A good floor cleaning machine can be like an extra member of staff for a busy cleaning team, if carefully chosen. However a bad choice can lead to a machine that gives you headaches with regular breakdowns and worse still, a machine that sits at the back of the cupboard and rarely gets used.
Thinking about buying a Scrubber Dryer? What do you need to know?
1) Mains Powered
A mains powered machine will be cheaper to buy and to run, but won’t be any good if there are people around to trip over your cable.
Mains power is a good choice if you need to use the machine for several hours at a time; it’s got no battery to run out of charge!
2) Battery Powered
A Battery powered machine is perfect if you have to move it around and clean a number of floors. Not having to worry about the cable speeds everything up.
If you are going for battery powered, make sure you get a machine with a long enough run time to do the job in one charge. With most battery types you have to leave them on charge, uninterrupted for several hours.
If this is not practical, go for one of the new Li-ion battery machines. Still in its early stages in cleaning machines, Li-ion batteries have no memory and can be part-charged without damaging them. Also they are often slot-in batteries like a power tool, which means you can run one battery while another ones charging. At the moment it’s mainly smaller machines that are available in Li-ion.
If the area to clean is large (+2000m²) or there are not many/any power points, then a battery machine is a must.
If you do go for battery powered, only consider maintenance-free batteries and whatever you do make sure your staff know how easy it is to damage a battery.
3) Disc or Cylindrical
Disc type floor scrubbers have a disc like brush or pad holder and these are the most popular.
A disc machine with a pad holder is the most versatile because you can change the floor pad to suit the floor. This is the type you want if you have a relatively smooth floor, a floor that marks easily or a range of different flooring.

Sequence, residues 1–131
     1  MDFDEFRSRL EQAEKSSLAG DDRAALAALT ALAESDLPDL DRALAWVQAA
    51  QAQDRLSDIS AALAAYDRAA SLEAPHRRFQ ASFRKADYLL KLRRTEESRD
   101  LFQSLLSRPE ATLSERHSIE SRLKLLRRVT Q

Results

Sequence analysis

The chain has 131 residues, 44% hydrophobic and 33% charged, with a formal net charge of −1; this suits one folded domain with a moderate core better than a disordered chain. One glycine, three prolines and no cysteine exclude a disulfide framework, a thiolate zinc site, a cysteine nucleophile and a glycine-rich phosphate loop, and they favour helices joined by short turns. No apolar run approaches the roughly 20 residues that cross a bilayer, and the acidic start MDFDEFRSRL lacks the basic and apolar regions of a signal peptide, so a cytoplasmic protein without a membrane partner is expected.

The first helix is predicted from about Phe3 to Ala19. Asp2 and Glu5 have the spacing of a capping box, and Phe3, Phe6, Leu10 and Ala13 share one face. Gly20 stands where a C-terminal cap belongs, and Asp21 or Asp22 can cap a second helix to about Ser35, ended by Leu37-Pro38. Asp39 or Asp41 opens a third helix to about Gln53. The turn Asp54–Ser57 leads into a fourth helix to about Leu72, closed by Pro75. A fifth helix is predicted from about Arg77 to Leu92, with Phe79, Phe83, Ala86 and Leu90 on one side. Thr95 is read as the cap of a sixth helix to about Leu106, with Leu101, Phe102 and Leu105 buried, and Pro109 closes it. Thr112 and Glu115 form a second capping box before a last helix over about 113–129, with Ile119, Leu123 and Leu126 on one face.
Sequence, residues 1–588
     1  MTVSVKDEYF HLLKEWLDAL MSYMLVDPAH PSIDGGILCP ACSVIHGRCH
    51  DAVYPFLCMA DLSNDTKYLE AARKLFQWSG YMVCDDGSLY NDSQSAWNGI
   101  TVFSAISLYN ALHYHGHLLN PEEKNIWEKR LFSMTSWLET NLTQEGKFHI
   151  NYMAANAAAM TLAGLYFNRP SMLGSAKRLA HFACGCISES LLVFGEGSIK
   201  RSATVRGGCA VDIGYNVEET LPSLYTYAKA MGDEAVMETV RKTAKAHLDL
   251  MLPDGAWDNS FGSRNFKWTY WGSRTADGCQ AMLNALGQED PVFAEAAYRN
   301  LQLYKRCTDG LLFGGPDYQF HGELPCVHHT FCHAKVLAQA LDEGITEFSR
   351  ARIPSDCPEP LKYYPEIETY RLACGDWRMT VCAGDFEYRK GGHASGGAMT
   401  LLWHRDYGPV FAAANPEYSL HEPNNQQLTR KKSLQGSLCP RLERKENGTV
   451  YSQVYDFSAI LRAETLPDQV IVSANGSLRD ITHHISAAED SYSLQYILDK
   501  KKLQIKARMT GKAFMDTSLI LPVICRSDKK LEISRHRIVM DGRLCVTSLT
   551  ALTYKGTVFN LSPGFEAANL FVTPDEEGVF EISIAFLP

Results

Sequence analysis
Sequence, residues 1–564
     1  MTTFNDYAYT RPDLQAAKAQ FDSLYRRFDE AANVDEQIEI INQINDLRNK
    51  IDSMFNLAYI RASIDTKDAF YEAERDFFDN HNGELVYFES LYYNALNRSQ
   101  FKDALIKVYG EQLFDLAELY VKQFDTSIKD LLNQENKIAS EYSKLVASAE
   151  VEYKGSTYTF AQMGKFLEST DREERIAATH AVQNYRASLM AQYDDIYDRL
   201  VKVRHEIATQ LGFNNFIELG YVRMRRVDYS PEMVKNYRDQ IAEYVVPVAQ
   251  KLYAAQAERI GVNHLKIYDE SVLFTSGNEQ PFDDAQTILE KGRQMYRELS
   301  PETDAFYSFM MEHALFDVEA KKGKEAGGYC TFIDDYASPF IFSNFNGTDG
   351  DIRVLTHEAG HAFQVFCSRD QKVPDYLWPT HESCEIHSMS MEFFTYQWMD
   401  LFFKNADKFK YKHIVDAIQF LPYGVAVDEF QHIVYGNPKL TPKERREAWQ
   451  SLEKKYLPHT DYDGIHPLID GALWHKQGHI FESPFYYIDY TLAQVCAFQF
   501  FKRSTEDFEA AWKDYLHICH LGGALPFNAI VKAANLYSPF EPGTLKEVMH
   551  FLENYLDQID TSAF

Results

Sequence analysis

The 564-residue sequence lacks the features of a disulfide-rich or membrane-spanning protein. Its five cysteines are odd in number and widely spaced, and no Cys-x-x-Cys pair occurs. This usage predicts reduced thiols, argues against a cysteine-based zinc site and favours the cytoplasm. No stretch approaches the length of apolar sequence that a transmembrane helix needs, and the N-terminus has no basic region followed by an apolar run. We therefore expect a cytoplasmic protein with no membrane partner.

Cylindrical machines usually have two roller type brushes and are really good at cleaning ingrained dirt out of Safety floors like Altro floor and other rough finishes. Large cylindrical machines are also idea for floors with very heavy soiling as they have a much higher contact pressure on the floor.
They do, however, wear out brushes very quickly, so runing costs are high.
4) Walk or Ride
Until recent years you would part with £10-15K for a Ride-on. The new Micro Ride-Ons brings riding within the reach of nearly everyone with a price bracket of well under £6K and a footprint no bigger than a 20” walk-behind.
For the really big spaces (+3000m²) a Ride-on is the only serious consideration and a full sized machine as well. For the smaller areas (2000 -3000m²) like secondary schools and college corridors and halls, a Micro Ride-on could be a good option. As long as one person doing the main floors can clean then in 4 hours or less.
However don’t get carried away by the thought of cruising around, two basic 20” walk behind machines cost the same as one 21” Micro Ride-on. Both have about 4 hours run time. So it all depends on what you have got to clean, how many staff you have and how much time you’ve got.
5) Size matters (a bit)
If you have too big a machine it won’t get used enough and you will end up having to do the edges and corners with a mop.